Rhodes Professors to Present at Association for the Study of African American Life and History Conference

a closeup of a tie tucked into a suit jacket with a name tag that says "Speaker" hanging from the collar

Professors Charles McKinney and Robert Saxe will present their research at the Association for the Study of African American Life and History (ASALH ) Conference in Richmond, VA, Oct. 5-9. Founded by leading intellectual Carter G. Woodson in 1915, the ASALH pioneered historical investigation of African Americans across the United States. This year the 101st conference of the ASALH draws scholars in Africana Studies from across the globe. The conference theme for 2016 is “Hallowed Ground: Sites of American Memories,” both physical and metaphorical.  

McKinney will chair a panel, “Contentious Blackness: Rethinking Resistance, Culture and Literature,” that interrogates, complicates, and redefines the workings of African American memory and history. On this panel, Dr. Siobahn Carter-David will reflect on the impact of the Nation of Gods and Earth, better known as the Five Per Cent Nation, and its impact on urban public culture. Saxe will complete the panel with his paper, “Violence, Orgasm, and Psychopathy: Norman Mailer Explains the African-American Experience.” Saxe will examine Mailer’s controversial exploration of black life and culture in the middle of the last century. Saxe will open up a critical space to explore – and explode – both Mailer’s view of black life and the larger cultural forces within American society that animated his views.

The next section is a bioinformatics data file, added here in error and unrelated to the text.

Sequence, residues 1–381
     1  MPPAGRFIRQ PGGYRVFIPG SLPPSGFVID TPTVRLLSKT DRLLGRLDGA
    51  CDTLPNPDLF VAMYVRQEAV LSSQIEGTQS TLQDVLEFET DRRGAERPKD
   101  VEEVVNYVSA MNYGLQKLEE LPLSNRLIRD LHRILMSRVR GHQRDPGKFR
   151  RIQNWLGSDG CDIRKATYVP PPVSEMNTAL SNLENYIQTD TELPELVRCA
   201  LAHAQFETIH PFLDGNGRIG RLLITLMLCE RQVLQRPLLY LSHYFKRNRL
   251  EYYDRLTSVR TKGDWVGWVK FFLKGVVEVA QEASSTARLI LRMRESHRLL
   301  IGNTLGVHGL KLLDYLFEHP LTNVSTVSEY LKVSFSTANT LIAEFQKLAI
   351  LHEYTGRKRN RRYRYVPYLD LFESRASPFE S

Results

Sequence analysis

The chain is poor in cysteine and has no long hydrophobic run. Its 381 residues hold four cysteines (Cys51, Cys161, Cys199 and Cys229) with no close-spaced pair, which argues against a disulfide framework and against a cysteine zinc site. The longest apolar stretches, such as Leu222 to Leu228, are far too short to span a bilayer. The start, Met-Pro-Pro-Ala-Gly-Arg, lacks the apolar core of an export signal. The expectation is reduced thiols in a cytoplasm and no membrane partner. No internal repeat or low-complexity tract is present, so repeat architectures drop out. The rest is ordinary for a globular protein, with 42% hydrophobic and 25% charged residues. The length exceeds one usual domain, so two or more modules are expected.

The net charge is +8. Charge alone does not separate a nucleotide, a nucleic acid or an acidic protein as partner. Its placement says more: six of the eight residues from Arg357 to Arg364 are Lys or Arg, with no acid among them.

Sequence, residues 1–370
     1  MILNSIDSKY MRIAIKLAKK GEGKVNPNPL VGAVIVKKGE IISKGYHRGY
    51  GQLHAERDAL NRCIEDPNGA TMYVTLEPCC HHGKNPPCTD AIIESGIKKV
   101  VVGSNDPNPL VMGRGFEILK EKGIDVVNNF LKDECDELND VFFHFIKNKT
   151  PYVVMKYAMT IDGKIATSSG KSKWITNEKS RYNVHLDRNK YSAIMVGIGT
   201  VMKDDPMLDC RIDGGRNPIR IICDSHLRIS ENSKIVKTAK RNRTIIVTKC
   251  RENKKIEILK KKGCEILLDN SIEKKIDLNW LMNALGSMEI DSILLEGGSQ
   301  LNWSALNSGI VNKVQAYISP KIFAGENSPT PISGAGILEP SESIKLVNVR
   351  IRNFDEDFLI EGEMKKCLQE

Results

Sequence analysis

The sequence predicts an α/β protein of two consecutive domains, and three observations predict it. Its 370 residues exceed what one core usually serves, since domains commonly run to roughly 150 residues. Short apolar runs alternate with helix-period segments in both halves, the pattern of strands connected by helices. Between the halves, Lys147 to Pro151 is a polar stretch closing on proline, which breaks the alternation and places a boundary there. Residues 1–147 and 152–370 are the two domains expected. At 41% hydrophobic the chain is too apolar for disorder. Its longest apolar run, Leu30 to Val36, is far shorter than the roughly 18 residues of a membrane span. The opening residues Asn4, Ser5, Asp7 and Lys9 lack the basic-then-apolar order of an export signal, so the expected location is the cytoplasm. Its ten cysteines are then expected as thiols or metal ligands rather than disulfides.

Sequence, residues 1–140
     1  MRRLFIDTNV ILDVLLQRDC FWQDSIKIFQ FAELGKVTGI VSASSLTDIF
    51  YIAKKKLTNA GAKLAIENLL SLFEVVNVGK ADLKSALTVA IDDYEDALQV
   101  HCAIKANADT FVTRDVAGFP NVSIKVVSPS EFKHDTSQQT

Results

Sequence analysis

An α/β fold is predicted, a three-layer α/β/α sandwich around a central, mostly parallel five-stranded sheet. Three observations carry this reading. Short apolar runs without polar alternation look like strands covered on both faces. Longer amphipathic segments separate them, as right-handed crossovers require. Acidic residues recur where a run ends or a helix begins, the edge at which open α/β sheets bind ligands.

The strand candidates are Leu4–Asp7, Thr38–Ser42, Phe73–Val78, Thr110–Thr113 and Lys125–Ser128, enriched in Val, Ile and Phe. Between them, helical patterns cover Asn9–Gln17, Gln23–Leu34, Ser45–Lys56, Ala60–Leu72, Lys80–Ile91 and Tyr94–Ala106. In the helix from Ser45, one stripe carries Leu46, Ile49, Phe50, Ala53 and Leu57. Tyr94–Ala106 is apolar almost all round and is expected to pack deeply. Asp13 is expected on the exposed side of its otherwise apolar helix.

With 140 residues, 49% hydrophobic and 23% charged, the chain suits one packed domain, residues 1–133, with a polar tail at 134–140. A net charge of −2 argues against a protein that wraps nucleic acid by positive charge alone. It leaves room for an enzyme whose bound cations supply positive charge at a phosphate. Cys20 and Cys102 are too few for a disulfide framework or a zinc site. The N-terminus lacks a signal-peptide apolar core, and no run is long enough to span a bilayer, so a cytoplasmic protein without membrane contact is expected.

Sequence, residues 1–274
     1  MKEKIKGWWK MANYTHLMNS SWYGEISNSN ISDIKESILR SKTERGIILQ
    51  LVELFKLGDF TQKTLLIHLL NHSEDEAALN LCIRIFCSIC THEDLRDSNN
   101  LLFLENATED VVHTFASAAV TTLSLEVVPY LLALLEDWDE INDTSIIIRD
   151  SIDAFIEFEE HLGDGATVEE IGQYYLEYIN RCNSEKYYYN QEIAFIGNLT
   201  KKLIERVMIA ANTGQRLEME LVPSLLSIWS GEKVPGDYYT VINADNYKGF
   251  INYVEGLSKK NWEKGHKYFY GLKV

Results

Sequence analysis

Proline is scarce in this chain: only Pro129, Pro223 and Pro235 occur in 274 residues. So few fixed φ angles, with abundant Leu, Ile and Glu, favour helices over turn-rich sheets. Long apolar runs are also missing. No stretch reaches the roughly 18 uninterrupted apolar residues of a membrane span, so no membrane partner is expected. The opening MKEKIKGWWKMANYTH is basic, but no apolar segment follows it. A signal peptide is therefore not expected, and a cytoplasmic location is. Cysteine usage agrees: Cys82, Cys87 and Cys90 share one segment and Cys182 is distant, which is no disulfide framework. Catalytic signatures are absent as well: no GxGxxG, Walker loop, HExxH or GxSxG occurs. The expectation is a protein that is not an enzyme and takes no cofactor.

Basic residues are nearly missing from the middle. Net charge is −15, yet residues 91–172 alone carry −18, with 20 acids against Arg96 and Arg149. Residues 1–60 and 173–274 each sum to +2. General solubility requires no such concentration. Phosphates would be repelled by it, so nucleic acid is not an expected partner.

The ASALH Conference also will screen the documentary film, “Remember Fort Pillow,” produced by a team of Rhodes students with Professor Dee Garceau. “Fort Pillow” explores a racial atrocity that took place during the Civil War, and how the massacre has been silenced in public memory. In a course taught by Garceau for the History Department, Rhodes students uncovered this incident using records from a Congressional investigation, correspondence from the U.S. War Department, and firsthand testimony from survivors. Students then crafted the film based on archival evidence. The film offers a more trenchant critique of the incident than that currently provided by interpretive center at Fort Pillow State Park.

For further information on the ASALH Conference, visit here.